In this issue of CHEST, Japan’s leading investigator of pericardial disease, Tetsuro Sugiura, MD, and his colleagues contribute a unique report of patients free of heart disease with asymptomatic pericardial effusions, small to large, some of whom had PR segment and ST-T wave changes. The report raises as many questions as it answers, and these will require further investigation. By standard definition, 32 of 121 patients had low voltage QRS. In the entire group, widespread ST-segment elevation was found in only 8 patients, and widespread PR-segment depression in 32 patients. PR-segment depressions were significantly more frequent in those with low QRS voltage than in those free of low voltage (more cases may have escaped detection when low voltage applied to more than the QRS complexes). The authors appropriately lumped moderate and large pericardial effusions, as it has been shown that the physiologic effect—increased ventricular interaction of even asymptomatic effusions was similar in moderate-to-large effusions as opposed to small effusions.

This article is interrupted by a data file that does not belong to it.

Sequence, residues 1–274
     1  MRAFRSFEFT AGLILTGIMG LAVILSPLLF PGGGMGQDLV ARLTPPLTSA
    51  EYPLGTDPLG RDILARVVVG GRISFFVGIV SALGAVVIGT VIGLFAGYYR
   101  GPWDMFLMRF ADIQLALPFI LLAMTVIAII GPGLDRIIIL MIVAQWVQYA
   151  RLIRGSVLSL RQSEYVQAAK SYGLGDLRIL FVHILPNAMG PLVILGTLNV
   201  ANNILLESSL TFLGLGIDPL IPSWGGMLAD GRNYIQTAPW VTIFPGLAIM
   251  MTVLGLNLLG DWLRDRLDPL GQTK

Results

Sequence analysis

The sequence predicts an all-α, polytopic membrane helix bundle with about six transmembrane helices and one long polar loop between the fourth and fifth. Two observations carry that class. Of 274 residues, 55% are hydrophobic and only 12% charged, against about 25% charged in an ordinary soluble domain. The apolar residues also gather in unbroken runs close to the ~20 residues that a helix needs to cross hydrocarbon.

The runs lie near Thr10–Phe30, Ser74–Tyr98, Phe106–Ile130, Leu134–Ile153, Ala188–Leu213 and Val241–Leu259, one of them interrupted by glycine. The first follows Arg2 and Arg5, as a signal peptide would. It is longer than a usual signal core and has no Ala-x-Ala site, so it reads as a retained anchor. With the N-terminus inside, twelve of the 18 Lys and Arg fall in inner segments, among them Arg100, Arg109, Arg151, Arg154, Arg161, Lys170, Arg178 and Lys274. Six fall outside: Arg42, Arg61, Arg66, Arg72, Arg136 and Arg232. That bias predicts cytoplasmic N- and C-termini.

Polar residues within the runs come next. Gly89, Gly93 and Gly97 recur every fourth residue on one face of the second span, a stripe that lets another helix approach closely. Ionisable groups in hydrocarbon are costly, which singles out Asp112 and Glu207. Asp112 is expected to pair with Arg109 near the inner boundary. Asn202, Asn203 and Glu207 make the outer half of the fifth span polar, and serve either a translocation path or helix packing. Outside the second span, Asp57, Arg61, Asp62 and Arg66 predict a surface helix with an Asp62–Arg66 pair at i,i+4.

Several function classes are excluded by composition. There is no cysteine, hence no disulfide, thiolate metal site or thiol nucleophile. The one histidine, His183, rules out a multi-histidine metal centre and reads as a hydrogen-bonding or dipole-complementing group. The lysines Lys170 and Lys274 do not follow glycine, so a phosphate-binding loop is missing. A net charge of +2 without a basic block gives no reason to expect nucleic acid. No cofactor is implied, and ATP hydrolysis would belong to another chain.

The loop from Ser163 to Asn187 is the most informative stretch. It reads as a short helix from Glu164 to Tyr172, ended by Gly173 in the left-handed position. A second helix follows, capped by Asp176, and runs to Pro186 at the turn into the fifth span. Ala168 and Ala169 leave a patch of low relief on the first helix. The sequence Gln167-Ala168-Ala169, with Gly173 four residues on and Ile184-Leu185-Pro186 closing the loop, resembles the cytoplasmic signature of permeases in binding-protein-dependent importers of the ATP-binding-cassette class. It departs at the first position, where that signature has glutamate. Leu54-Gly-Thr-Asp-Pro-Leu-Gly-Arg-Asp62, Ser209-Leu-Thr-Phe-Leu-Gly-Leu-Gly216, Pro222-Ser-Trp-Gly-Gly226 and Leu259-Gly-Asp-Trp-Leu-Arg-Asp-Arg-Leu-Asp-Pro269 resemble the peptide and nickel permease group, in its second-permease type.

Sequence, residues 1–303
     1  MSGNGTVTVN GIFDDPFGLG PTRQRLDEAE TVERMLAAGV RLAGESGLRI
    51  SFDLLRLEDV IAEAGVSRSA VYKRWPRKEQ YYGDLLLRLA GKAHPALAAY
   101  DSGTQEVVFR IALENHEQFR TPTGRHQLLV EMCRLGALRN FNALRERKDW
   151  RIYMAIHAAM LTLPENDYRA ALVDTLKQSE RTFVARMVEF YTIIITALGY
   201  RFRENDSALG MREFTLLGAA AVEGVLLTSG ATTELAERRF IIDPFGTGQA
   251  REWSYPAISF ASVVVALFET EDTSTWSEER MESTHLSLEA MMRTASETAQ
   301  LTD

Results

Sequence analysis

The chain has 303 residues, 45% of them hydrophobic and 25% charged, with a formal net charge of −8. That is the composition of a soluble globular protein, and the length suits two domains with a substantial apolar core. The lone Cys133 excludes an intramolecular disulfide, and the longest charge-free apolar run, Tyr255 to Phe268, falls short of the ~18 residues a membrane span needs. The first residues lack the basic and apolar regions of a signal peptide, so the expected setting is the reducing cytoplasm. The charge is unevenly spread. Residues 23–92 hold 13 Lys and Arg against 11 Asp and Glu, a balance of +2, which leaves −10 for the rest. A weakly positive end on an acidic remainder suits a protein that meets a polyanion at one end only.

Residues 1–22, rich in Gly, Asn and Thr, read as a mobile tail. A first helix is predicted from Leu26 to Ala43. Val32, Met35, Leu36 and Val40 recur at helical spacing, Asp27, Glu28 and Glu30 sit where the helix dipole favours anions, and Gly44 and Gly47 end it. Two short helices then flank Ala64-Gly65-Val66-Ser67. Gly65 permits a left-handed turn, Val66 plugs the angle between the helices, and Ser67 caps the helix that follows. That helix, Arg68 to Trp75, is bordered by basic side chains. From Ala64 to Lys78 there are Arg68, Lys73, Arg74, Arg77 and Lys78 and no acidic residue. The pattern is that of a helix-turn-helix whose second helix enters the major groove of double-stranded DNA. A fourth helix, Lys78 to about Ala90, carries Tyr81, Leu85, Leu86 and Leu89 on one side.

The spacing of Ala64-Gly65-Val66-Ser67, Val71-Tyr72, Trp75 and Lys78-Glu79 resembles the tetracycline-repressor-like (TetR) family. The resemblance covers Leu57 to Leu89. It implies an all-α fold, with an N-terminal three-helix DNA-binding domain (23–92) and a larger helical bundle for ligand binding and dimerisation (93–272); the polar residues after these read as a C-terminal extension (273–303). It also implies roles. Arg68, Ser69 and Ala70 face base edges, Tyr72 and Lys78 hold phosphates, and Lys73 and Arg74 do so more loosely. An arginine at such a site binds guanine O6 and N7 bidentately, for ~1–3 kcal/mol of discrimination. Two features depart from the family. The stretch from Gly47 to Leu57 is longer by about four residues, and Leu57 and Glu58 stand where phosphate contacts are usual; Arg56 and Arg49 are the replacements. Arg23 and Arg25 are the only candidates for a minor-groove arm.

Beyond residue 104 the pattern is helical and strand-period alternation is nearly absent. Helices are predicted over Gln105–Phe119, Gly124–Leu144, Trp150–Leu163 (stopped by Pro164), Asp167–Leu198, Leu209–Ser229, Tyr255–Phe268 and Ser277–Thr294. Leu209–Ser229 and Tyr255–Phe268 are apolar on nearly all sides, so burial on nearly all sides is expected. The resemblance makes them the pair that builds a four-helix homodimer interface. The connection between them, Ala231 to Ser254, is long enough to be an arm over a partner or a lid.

Eight of 32 patients with PR-segment deviations had ST-segment deviations, while none with isoelectric PR segments had ST deviations, and significantly more patients with isoelectric PR segments had moderate-to-large effusions than small effusions. Small voltage and PR-segment deviations were rare in patients who had clinically silent pericardial effusions with an unsurprising trend to lower voltage in moderate-to-large effusions.
Certain findings are relatively remarkable: all patients with PR deviations had either a malignancy or a connective tissue disease. In contrast, it is not surprising that all patients with hypothyroidism and with renal disease had no ECG changes.
The authors conclude that there is subepicardial myocardial involvement by inflammation that they believe can cause low voltage despite small effusions and conclude “even a small but inflammatory effusion can cause low voltage in the presence of PR-segment depressions.” They thus assume the fluid to be inflammatory and, presumably because the patients were asymptomatic, they assumed that neither drainage nor biopsy was indicated. In this connection, no patients had tamponade, and Sugiura and colleagues did not describe any of the large effusions as massive. PR-segment deviations can be safely attributed to early appearance of the atrial T wave because they are always opposite to the direction of the P wave with an appropriate spatial vector. However, it is not certain that all PR-segment deviations must be inflammatory.